Schietekat was 5 when she told her parents she didn't want to do any more ballet; she only wanted to play soccer.

At 28, she still usually plays as an outside midfielder.

"The good thing about me is that I could shoot with both legs, so they always put me on the left side because I wasn’t afraid to kick from there," she said with a smile.

In many ways, the Doha experience had been extraordinary for Schietekat: "I always wanted to do behavioral economics during the organization of a World Cup. I had prepared my whole life for such a moment."

Qatar is one of the world's most conservative countries, where sexual relations and childbirth outside of marriage are punishable by prison sentences and other sanctions, including physical ones.

Since FIFA announced in 2010 that the Arab country would host its biggest sporting event, human rights organizations and minority groups have denounced Qatar's laws and existing sanctions.

In December, Nasser Al Khater, president of the Qatar World Cup organizing committee, stated that LGBTQ+ people who visit the country to attend matches should not feel insecure or threatened, but he hoped that "they do not make public displays of affection and respect the local culture."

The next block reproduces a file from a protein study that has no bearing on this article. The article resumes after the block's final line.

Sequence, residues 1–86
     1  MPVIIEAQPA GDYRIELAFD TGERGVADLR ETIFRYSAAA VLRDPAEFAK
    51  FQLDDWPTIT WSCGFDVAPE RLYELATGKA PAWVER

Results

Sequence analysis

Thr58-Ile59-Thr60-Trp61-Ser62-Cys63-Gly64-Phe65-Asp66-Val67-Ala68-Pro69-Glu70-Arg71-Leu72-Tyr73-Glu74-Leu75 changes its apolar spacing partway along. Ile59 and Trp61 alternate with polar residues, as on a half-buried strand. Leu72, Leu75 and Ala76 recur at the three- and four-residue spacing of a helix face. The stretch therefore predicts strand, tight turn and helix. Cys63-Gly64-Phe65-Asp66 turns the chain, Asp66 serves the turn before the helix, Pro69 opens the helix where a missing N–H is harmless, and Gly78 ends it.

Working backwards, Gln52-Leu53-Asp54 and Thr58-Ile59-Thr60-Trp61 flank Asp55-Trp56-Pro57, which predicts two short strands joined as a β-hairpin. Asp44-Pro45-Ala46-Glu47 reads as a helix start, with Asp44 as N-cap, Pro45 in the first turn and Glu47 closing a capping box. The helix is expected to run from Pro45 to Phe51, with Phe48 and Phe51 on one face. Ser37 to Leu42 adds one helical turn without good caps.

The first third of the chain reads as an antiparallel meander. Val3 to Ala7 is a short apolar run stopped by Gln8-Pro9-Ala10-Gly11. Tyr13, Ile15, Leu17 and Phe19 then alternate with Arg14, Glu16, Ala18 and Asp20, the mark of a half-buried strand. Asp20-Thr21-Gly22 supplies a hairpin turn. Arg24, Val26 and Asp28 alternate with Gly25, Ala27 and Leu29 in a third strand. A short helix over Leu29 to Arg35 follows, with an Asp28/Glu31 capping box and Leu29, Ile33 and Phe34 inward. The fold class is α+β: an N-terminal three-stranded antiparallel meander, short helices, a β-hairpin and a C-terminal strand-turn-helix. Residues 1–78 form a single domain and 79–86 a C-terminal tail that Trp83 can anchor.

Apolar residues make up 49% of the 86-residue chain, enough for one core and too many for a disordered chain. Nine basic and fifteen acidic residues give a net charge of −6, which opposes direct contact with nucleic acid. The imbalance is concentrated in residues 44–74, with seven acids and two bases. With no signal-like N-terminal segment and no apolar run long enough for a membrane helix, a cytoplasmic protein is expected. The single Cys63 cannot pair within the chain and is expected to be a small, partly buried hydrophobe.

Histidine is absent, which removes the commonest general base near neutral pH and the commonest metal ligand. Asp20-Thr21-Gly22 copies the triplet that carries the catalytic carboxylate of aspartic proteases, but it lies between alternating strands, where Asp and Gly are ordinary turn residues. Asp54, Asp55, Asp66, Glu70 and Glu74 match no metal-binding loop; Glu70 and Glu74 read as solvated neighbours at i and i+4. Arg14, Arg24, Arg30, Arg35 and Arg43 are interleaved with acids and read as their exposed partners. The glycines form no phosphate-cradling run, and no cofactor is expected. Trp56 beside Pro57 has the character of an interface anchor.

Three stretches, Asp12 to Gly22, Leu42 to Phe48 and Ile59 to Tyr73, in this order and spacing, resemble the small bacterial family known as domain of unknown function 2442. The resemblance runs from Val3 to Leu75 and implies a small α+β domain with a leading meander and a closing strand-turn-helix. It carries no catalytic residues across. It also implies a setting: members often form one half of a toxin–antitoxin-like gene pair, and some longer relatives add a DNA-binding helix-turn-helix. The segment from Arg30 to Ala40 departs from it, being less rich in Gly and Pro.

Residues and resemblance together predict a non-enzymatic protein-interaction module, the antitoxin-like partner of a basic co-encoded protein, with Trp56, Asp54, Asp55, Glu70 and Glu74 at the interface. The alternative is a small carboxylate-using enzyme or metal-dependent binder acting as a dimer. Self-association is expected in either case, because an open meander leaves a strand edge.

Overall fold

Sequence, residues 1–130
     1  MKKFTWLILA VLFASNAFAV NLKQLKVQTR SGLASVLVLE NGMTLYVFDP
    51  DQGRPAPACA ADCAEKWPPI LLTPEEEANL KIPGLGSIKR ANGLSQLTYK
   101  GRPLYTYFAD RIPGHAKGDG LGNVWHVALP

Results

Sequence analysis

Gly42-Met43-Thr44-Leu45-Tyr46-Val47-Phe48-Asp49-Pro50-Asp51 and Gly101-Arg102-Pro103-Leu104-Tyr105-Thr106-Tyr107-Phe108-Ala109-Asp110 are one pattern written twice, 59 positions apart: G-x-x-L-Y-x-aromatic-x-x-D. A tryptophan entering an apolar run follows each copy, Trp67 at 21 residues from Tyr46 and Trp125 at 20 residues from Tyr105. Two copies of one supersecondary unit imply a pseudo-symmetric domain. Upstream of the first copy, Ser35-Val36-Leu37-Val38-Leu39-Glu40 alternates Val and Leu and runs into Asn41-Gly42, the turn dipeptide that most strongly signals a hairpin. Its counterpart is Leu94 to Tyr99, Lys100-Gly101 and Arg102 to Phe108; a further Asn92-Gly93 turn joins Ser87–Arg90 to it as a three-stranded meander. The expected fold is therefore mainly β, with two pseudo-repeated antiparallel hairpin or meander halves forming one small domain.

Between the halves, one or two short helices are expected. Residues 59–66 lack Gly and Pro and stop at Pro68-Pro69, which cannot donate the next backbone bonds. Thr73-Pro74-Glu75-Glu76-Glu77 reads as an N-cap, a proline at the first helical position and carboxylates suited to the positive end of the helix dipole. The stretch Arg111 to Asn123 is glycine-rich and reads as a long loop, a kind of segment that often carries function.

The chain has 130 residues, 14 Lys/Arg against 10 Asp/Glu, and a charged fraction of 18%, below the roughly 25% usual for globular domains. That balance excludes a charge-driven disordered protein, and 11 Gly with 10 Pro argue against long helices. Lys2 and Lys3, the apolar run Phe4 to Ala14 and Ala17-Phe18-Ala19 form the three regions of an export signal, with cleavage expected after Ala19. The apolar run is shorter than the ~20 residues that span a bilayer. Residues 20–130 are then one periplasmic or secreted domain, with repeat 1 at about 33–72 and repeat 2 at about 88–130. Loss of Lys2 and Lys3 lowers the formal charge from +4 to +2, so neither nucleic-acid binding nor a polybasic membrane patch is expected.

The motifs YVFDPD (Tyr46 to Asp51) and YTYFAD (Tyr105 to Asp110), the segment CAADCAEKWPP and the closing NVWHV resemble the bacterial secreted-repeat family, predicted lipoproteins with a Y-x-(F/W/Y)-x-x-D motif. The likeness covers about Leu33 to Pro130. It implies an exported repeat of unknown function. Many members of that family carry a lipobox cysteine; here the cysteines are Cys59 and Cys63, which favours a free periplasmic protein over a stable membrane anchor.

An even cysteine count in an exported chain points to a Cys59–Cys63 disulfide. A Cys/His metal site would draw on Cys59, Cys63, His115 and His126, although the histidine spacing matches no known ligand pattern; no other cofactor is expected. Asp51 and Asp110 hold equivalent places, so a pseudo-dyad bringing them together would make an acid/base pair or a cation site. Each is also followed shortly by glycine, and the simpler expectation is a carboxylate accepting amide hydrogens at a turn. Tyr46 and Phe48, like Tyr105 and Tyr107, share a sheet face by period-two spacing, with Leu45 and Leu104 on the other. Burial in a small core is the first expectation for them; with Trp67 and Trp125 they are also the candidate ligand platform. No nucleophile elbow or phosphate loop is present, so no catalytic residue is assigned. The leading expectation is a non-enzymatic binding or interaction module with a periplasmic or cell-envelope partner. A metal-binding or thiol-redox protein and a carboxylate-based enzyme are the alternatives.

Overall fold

The criminal code of that country says the act of provoking or seducing a man to commit acts of "sodomy and immorality" is punishable by three years in prison. In addition, the contents of the sexually diverse community are censored in the international media.

Male guardianship

In the case of women’s rights, Qatar stands out for restrictions on their freedoms and participation in public life.

"Qatari women are second-class citizens in their own country. They have to live under what are known as male guardianship laws and policies," Begum, who led the Human Rights Watch report on the laws, said. "This means that in order to make a number of decisions about their lives, they need the permission of their guardian before they can engage in these activities."